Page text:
1) The bailout deal actually coalesced. The US did NOT default on any of its loans as Congress actually compromised and raised the debt ceiling.
2) The Dow saw a 513 point drop as a general reaction to weeks of crappy economic news being ignored (see #1) and everyone realizing that the contagion has spread to Europe and its in Spain AND Italy.
3) S&P downgraded US debt to AA+ status. For the first time in history, one of the major ratings agencies has downgraded US debt.
With all that said, it all boils down to this. #1 shows that politics and brinksmanship is more important than actually doing what is best for the country. Everyone knows that the amount cut wasn’t nearly large enough and that you’re going to have to raise taxes to get the fiscal house in order – the whole is just too big. Congress kicked the can down the road to buy time for the ‘super-Congress’ to try its hand. Don’t hold your breath. They didn’t address the underlying problems in entitlements now….they probably won’t do it then. I applaud House Republicans for sticking to their guns, however pledges to Grover Norquist should not take priority of the oath you took to the country and your constituents. Please realize that major corporations do not pay their fair share in taxes and that it is a fallacy to say that increasing taxes is a defacto job killer – the primary decision to hire employees is not based upon taxes you pay but ability to expand business and make more money in the market.
#2 Shows that we are not out of the woods. This isn’t a muddle-through economy. I believe this is an economy in recession that got a reprieve due to gov’t stimulus. that stimulus has about run out at this point, so we will slip back into recession The underlying problems in housing, banking, and the false economic expansion of the 2000’s due to those industries are still with us. Until we address them and continue the deleveraging process, the economy will not recover. Taking your eye off of the ball for months because of a distracting debt debate gives you a 513 single day decline because of these continuing underlying problems.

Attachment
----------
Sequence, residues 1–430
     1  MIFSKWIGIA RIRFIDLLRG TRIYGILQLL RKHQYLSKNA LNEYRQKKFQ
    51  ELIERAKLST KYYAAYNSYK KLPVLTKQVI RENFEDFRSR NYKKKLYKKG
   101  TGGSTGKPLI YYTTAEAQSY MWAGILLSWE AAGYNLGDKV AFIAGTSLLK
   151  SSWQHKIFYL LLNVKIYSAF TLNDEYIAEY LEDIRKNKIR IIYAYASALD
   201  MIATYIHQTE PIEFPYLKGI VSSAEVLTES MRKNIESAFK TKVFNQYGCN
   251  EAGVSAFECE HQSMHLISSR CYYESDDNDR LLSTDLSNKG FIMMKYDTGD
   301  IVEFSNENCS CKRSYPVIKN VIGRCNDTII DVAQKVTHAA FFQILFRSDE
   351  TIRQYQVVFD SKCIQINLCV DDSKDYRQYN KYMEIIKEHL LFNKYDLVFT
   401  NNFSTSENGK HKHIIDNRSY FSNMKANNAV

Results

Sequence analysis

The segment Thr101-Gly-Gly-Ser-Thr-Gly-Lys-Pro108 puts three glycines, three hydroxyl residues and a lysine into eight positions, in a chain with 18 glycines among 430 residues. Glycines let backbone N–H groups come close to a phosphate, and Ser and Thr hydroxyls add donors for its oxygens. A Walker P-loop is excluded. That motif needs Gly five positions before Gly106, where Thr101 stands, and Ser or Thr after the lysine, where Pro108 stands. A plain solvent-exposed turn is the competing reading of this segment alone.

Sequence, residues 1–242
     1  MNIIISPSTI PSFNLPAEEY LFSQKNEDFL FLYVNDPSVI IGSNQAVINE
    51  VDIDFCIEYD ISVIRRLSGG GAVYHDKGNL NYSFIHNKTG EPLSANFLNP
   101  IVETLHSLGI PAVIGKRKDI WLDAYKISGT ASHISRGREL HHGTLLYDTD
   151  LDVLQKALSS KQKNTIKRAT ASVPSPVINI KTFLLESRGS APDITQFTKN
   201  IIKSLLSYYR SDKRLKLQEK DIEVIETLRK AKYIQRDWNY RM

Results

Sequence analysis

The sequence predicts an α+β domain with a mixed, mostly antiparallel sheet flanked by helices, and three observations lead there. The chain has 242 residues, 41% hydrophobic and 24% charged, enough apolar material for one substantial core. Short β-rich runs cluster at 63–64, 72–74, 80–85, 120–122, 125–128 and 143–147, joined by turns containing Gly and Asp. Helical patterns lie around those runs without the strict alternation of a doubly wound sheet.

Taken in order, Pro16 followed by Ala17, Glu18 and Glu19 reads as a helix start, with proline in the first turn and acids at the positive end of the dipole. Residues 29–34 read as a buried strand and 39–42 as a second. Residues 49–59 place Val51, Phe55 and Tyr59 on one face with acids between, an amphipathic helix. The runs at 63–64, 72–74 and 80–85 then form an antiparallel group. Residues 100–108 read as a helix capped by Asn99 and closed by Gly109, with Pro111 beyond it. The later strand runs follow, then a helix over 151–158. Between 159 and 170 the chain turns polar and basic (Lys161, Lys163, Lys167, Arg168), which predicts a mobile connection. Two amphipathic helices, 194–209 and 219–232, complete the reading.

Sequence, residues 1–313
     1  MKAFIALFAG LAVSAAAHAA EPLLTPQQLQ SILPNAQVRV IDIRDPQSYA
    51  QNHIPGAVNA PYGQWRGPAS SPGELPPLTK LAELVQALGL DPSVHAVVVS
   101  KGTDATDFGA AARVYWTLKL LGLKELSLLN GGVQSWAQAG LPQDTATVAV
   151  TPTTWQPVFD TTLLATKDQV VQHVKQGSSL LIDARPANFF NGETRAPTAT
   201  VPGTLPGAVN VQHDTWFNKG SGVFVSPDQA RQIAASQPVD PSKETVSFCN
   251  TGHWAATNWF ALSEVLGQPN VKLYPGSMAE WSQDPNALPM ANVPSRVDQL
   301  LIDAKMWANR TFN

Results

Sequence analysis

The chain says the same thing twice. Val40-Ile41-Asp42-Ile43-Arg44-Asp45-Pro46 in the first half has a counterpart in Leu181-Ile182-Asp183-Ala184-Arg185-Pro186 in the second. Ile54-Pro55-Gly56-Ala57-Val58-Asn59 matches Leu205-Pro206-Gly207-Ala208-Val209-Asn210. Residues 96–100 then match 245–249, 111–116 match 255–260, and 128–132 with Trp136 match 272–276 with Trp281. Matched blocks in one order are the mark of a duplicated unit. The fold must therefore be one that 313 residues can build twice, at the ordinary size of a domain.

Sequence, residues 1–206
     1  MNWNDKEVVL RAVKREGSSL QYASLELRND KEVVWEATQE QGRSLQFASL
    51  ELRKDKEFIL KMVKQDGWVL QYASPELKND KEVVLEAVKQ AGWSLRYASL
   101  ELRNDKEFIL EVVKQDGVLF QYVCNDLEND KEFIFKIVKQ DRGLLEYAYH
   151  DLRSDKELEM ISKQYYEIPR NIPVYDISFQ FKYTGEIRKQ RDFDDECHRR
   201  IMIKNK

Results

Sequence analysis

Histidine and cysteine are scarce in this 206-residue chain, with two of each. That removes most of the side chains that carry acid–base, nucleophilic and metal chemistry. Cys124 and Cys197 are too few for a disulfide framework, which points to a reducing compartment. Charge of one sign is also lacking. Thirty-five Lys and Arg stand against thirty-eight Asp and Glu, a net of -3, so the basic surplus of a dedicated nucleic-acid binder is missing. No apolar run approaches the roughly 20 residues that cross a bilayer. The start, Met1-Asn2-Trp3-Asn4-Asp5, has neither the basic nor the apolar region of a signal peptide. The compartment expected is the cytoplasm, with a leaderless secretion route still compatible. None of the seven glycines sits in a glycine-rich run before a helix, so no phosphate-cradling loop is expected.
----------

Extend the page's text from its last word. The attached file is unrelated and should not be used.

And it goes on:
#3 The only AAA this country has left are surface to air missiles and the road-side assistance people. We spend more than we make, we owe huge amounts of money to others, and we have no real plan of fixing things. Pile a generally pathetic exercise in leadership from the politicians in DC and you get the crisis we’re in.
I recognize that its tough. I see the merit in specific types of stimulus to help jump-start the economy. The problem is, we didn’t do the right ones, everyone knew it, and now, there is rightly no appetite because the public doesn’t trust the federal government to spend that kind of money wisely. They had their chance to enact good stimulus – i.e. really rebuild America’s infrastructure, or develop next generation energy sources. Both would be long-term investments where your return was larger than the investment and created real jobs here at home. Instead, they propped up failing institutions, bailed out banks and let them get bigger when they should have been broken up, and tried to stabilize housing prices when market forces are still telling us years after the peak that prices need to fall further.
Individually, the politicians in DC are palatable. I really like my representative in Congress and I can accept my two Senators. Collectively though, something very bad happens. It’s a combination of group think, a culture that embraces gridlock as standard rather than compromise, and leaders who I do think are lousy (on both sides of the aisle) because they worry more about politics and the next election rather than doing what is right long-term for the country. Toss in an entitled yet apathetic electorate that does not take their democracy seriously, super PACs and special interests who do, a Federal Reserve that has been worrisome in policy for the past 20 to 30 years, and fraud waste and abuse from the red-tape that is known as the federal government and you have what we’ve got today.
I wish there was a reset button.